Sector performance has become much more relevant to investors than country performance. Investors are looking for stocks within sectors that are world-class and represent outstanding value.

One of the main reasons why Ireland should still be relevant to investors is the number of world-class companies, across a range of sectors, that are quoted on the Irish exchange. The following are a few examples:

• Construction:
CRH is now the second-largest building materials company in the world by market capitalisation (after Saint Gobain). It has by far the best balance sheet in the industry and is the most exposed to growth in the increasingly attractive US infrastructure market. This stock is certainly on every construction portfolio manager’s radar globally.

Despite the market slowdown, energy conservation, carbon emissions and insulation are likely to remain key themes over the next ten years. No company has emerged as a global player. Kingspan has very advanced technology in this area and could emerge as a global leader over time.

• Airlines
Ryanair is the largest and most successful low-cost airline in the world. It is generating margins and returns that investors did not think possible in what has historically been a difficult industry. It continues to outperform global low-cost and network peers.

• Foods
Glanbia is the largest manufacturer of cheese in the US. Whey is a by-product of cheese manufacture and has allowed the company to develop a strong position in whey-related proteins. This could be an area of big interest in the next ten years.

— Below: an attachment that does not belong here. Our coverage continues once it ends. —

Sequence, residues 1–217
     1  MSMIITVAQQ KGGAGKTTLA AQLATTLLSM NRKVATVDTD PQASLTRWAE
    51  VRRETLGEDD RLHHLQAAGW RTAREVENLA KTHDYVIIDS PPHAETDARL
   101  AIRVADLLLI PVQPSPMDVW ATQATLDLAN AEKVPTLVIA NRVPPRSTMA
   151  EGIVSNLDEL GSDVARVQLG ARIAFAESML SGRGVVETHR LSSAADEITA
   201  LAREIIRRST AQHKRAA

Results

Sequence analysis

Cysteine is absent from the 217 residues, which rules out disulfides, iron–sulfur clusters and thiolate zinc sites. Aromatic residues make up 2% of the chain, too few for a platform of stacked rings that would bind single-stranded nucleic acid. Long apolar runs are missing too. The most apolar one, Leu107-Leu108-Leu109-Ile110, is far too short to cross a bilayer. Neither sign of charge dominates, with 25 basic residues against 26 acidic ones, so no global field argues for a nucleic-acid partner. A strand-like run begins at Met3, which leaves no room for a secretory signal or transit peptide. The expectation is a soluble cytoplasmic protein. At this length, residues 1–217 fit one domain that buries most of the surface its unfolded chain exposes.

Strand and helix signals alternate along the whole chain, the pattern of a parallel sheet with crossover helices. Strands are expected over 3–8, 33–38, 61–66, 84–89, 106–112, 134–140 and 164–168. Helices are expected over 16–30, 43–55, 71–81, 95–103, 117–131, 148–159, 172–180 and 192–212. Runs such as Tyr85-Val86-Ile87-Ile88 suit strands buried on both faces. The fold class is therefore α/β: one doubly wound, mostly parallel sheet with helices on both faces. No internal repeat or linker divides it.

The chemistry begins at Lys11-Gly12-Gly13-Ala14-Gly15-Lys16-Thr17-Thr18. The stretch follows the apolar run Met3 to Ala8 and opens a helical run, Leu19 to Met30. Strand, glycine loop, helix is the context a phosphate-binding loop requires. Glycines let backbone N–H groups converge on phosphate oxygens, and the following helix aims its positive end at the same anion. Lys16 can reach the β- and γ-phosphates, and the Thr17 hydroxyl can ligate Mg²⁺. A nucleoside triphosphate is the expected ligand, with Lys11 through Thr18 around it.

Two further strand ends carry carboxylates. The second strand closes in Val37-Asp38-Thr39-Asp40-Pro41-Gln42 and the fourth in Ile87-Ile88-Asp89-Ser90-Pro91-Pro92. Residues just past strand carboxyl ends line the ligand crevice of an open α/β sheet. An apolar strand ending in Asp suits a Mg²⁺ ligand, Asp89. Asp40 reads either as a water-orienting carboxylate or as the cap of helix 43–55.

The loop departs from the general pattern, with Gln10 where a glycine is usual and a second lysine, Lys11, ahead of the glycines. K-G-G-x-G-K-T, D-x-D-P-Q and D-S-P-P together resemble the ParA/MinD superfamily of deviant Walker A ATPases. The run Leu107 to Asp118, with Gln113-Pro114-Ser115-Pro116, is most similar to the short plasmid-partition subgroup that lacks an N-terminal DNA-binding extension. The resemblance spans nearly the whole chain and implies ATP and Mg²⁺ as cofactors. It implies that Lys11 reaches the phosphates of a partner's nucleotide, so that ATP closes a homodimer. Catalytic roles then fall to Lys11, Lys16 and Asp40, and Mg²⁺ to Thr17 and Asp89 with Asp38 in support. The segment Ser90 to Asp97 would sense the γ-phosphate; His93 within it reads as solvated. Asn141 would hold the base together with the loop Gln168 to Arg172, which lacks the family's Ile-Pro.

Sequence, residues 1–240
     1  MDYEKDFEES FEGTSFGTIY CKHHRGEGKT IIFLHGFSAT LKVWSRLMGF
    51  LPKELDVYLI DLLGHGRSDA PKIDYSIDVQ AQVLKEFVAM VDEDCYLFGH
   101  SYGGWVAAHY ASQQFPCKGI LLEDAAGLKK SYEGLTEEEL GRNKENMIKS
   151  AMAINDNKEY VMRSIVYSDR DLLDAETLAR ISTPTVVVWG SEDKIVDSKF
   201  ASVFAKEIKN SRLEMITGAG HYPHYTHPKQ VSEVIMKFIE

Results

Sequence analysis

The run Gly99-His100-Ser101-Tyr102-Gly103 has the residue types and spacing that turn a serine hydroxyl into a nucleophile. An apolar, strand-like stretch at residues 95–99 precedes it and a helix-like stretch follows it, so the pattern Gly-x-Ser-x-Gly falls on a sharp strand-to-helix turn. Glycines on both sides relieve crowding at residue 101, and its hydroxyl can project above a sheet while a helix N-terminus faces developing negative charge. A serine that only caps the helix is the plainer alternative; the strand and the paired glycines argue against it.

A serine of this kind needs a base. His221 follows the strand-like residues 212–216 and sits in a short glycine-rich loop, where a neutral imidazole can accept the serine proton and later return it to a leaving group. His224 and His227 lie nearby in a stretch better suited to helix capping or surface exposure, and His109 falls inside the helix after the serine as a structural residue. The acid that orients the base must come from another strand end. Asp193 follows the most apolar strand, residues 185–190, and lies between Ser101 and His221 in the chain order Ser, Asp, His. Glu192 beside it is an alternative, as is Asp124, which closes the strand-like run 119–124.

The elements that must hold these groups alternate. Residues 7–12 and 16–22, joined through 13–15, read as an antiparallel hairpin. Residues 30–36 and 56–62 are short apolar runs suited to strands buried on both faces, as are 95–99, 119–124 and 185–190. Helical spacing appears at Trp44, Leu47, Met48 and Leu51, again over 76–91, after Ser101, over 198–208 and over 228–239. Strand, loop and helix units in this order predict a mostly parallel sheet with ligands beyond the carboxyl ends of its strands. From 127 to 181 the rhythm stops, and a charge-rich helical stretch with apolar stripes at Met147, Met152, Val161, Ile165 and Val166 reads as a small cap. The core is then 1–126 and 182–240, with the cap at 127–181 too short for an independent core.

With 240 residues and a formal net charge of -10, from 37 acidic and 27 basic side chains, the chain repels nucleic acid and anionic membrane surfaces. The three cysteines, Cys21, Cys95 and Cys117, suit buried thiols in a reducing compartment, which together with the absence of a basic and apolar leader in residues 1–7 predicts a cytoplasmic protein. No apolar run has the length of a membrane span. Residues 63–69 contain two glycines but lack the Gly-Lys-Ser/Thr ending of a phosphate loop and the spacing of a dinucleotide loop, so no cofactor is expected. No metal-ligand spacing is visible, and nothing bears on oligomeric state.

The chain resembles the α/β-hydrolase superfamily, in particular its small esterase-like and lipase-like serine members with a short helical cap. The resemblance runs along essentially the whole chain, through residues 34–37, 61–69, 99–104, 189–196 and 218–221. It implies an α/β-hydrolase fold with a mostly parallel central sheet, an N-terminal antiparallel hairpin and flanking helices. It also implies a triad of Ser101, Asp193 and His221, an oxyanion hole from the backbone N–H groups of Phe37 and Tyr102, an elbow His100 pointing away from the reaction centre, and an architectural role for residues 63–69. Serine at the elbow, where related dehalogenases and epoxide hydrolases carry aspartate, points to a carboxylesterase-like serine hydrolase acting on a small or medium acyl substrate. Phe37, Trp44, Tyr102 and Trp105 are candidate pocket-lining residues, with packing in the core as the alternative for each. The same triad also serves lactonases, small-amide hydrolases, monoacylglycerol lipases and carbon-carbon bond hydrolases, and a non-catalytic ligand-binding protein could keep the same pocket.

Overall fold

Kerry Group is one of the world’s leading food ingredients companies. This business is based largely on proprietary technology across a range of products, systems and applications developed over the last two decades. The group serves both the pharmaceutical and food manufacturing sectors.

ARYZTA, formerly IAWS, is a global player in the specialty bakery market. It has operations in the US, Europe and Asia. The company has developed proprietary baking and par-baking techniques that allow convenience outlets to prepare and deliver high-quality bakery products.

Origin Enterprises has been in the vanguard in terms of developing new methods of precision farming. Despite the current slowdown, the global population continues to grow rapidly and will have to be fed. Current production levels will prove insufficient. Origin plays to this theme.

• Paper and packaging
Smurfit Kappa Group is Europe’s leading manufacturer of corrugated boxes with over 24 per cent market share. It also has significant corrugated and packaging operations in
Latin America.

• Gaming
Paddy Power is the leading bookmaker in Ireland and is developing a significant presence in the fast-growing online market. It has also established a presence in the highly competitive UK market through its innovative branding and attractive customer proposition.